Enabling SMTP authentication in Postfix ensures that only users with valid accounts can send email outside your network (relaying). This prevents spammers from using your SMTP server as a spam broadcast station. Here’s how to do it in Postfix.

NoteIf you are using Red Hat Enterprise Linux 5 or CentOS 5, please read Postfix SMTP Authentication and Dovecot SASL instead. It’s a lot easier to setup and you won’t have to duplicate your Dovecot authentication setup into SASL.

Configure SASL

SASL2 Configuration
1. Edit the file /usr/lib/sasl2/smtpd.conf (/usr/lib64/sasl2/smtpd.conf for 64-bit users) and add the line below to the bottom of the file
mech_list: PLAIN LOGIN
Service Configuration2. Start the saslauthd service.

Configure Postfix

File Browser1. Click Applications then click File Browser. This will launch the File Browser window.
File Browser2. In the Location field, type in /etc/postfix and press Enter.
Edit main.cf3. Double click on the file main.cf to open it for editing.
Find the following keys and change its values as follows or add it at the bottom of the file if the key (the word before the = sign) cannot be found.
mynetworks = 127.0.0.0/8
smtpd_sasl_auth_enable = yes
smtpd_recipient_restrictions =  permit_mynetworks, 
    permit_sasl_authenticated, reject_unauth_destination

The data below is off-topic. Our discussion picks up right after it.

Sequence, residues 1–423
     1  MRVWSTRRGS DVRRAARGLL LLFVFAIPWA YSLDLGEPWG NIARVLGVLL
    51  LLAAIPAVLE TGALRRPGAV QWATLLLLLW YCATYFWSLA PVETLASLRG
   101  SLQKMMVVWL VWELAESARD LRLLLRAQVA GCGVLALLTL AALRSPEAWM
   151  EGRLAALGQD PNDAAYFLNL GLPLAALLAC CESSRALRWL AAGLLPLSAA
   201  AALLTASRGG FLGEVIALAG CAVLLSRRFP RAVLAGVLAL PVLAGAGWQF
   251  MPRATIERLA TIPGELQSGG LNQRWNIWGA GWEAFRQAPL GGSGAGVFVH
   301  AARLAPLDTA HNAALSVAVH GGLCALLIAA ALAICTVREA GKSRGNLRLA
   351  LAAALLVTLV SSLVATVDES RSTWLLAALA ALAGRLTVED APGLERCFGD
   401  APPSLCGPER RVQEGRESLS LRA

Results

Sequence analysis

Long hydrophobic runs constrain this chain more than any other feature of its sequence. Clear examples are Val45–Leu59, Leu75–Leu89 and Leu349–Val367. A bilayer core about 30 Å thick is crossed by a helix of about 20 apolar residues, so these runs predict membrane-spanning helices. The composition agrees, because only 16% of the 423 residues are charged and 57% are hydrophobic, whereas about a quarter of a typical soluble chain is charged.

broken_sasl_auth_clients = yes
The first line says trust only localhost, meaning only localhost can send email outside the network (relay). The last line is there to support old clients like Microsoft Outlook Express 4.0 and Microsoft Exchange 5.0 just in case someone is still using it.
 
Lines starting with # are comments. Save the file after completing your changes.
 
Service Configuration4. Restart the Postfix service or the MailScanner service if you have integrated MailScanner into Postfix.

Test Postfix

TerminalIn a Terminal window, type in the highlighted commands below.

Sample postfix session

[root@mail ~]# telnet mail smtp

ImportantReplace mail with the name of your server. We should not use localhost since localhost is a trusted client ip address.

Trying 192.168.0.4...
Connected to mail.acme.local (192.168.0.4).
Escape character is '^]'.
220 mail.acme.local ESMTP Postfix
ehlo host
250-mail.acme.local
250-PIPELINING
250-SIZE 10240000
250-VRFY
250-ETRN
250-AUTH LOGIN PLAIN
250-AUTH=LOGIN PLAIN
250-ENHANCEDSTATUSCODES
250-8BITMIME
250 DSN

Note the new 250-AUTH lines.

mail from: johndoe
250 2.1.0 Ok
rcpt to: test@domain.local
554 5.7.1 <test@domain.local>: Relay access denied

It works, now to check if we can send it after authenticating.

auth plain AGpvaG5kb2UAcGFzc3dvcmQ=
235 2.0.0 Authentication successful
rcpt to: test@domain.local
250 2.1.5 Ok
quit
221 2.0.0 Bye
Connection closed by foreign host.
[root@mail ~]#

NoteText highlighted in green only appears in Postfix version 2.3 or higher. Postfix version 2.3 is included in Red Hat Enterprise Linux 5 or CentOS 5.

NoteYou can send to email addresses belonging to your domain without authentication. This is normal as it enables you to receive mail from the outside.

The gibberish text after AUTH PLAIN is the base64 encoded value of the user name johndoe and password password. You can generate your own base64 text using the form below.








NoteIf you encounter any problems, check the log file at /var/log/maillog.

 

Related Pages

Visit the forum to ask for help or to give a comment.

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Posted on 4/23/2007 and last updated on 11/7/2009
Filed under Postfix , SASL